"Despite the wards and protections that keep Zagig's study sealed away, the room has a secret entrance that allows access from within the guildhall. An agent of the Guild of Thieves found a mention of this entrance years ago in a book entitled The Yragerne Accord of 393 -- a general history of the Guild of Wizardry that described its founding and the ziggurat's construction. Unfortunately, the agent did not record the details of the entrance -- he merely noted that the book was shelved in a room called Special Collections.
"Getting to that room isn't easy, since potent wards protect the entire structure from teleportation magic, and the Special Collections library lies on a restricted part of the fourth floor. But we have a plan for getting you to the appropriate spot. Once in that library, you'll have to find the book and figure out where the secret entrance is.
"This yellow bottle is more than a thousand years old -- in fact, it dates back to the ancient Baklunish Empire. It is called a refuge bottle, because when the wearer of the ring twists it in a certain way, he and all those touching him are magically transferred to an extradimensional space within the bottle.
Return here tomorrow at noon, and I'll give one of you the ring. When the wearer twists it, all of you will enter the refuge bottle. Then one of our agents will deposit it in a room near the Special Collections chamber. Exactly twelve hours after you entered the bottle, the ring-bearer should twist the ring again to expel everyone from the bottle. At that point, you're free to do whatever you wish deep within the Guild of Wizardry. After you have retrieved the key and the statue from the study, return to the refuge bottle in the room where you appeared, wait another 12 hours, and another of our agents will smuggle it out.
"But whatever you do, don't tell anyone within the Guild of Wizardry about the secret contained in this book. They too are interested in the contents of Zagig's study, and they would immediately plunder it for themselves, denying you your key and us our statue. These wizards aren't good people, and they don't think twice before summoning demons. Allowing the secrets of Zagig's study to fall into their hands would be catastrophic."
The interior of the refuge bottle is exactly like the effect produced by Mordenkainen's magnificent mansion, except that instead of a door, the ring allows passage to and from the extradimensional space.
THE REAL STORY
In fact, the guild cares little about the bronze monkey. Tirra's story is true -- the guild does owe a favor to a minor noble who seeks the statue for his collection of oddities, but the guild's true goals are considerably loftier. When the PCs turn over the statue to Tirra, she plans to "reward" them by giving one member of the group a fantastically powerful weapon called Norebo's Hand. This item is a +3 intelligent chaotic neutral weapon -- in fact, it's the favorite weapon type of the party's barbarian, fighter, ranger, or rogue (in that order). The guild particularly wants this weapon in the hands of a weak-willed character so that its ultimate plan has a better chance to succeed.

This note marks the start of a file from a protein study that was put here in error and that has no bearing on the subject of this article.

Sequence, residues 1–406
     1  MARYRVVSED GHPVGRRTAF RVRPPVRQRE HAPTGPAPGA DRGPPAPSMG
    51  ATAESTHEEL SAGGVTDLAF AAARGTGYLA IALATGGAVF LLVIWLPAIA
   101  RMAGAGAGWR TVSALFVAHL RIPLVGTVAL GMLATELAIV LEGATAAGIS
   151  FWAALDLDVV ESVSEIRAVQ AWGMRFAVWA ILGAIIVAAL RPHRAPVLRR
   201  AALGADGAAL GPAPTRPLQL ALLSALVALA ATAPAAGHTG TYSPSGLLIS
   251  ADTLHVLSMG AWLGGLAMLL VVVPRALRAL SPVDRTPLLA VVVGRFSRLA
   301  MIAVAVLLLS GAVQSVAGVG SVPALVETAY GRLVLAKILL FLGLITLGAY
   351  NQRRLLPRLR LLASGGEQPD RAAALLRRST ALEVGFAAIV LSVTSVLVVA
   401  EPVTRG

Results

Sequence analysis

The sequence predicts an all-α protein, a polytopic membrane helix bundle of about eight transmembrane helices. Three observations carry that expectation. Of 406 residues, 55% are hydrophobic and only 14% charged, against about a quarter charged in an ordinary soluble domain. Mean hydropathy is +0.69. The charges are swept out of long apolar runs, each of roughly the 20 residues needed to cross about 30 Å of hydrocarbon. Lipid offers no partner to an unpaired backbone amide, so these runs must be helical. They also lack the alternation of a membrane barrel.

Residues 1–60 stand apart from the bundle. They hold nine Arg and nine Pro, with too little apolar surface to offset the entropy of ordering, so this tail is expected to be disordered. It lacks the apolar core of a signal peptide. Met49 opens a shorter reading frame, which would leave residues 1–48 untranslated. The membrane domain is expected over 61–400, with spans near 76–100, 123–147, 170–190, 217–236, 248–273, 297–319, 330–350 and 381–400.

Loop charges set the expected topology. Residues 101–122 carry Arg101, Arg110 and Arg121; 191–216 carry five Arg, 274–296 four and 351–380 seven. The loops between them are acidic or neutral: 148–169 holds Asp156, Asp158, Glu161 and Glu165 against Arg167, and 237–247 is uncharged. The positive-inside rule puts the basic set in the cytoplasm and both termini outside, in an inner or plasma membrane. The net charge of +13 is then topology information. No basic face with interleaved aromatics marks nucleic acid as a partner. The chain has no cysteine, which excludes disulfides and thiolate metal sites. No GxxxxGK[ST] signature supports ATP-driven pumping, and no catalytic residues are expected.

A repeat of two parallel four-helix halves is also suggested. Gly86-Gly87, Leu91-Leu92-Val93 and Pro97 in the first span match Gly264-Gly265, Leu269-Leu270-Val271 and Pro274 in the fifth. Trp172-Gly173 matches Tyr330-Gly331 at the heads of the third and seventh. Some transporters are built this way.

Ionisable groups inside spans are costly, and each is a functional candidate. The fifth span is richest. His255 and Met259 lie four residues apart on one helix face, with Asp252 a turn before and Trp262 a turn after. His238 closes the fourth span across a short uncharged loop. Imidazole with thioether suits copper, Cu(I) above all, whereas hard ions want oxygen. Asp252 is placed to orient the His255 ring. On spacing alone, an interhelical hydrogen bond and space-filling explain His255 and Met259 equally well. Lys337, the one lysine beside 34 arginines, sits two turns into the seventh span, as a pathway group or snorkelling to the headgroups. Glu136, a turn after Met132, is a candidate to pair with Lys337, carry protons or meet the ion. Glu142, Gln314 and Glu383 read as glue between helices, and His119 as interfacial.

Norebo's Hand has Intelligence, 18, Charisma 18, Wisdom 10, Ego 20, darkvision out to 120 feet, blind- sense out to 60 feet, and the ability to hear. It has a +14 bonus on Bluff checks and can use cure moderate wounds (2d8+3) on its wielder three times per day and detect magic at will. It can communicate telepathically, but it chooses not to do so until the PCs reach the Hall of Memory below Castle Greyhawk's Tower of Zagig. At that point, the machinations of the Guild of Thieves become clear.
When the PCs reach the designated spot, the weapon telepathically suggests that its wielder investigate the passage in area J2 (page 168). If that individual resists, a personality conflict occurs (DMG 271), and the wielder must make a successful DC 20 Will save to avoid coming under the weapon's control. If Norebo's Hand gains control of its wielder, that individual attempts to claim the octych at the end of the corridor and ensure that it is handed over to the Guild of Thieves. The guild knows that the octych is one of Castle Greyhawk's most important treasures, and the only reason it wants to help the PCs delve into the castle's dungeons is to gain this potent artifact.
If the PCs refuse Tirra's offer, she warns them that the Guild of Wizardry deals harshly with thieves. In fact, its leaders seldom bother to turn them over to authorities -- they prefer to dole out their own justice. "I have it on good authority," she says quietly, "that trespassers are dispatched to hostile planes." If they still refuse, she shrugs and wishes them well. Then it's up to you to decide the outcome of whatever alternative method they use to sneak into the Guild of Wizardry, and how that plan alters other portions of this chapter.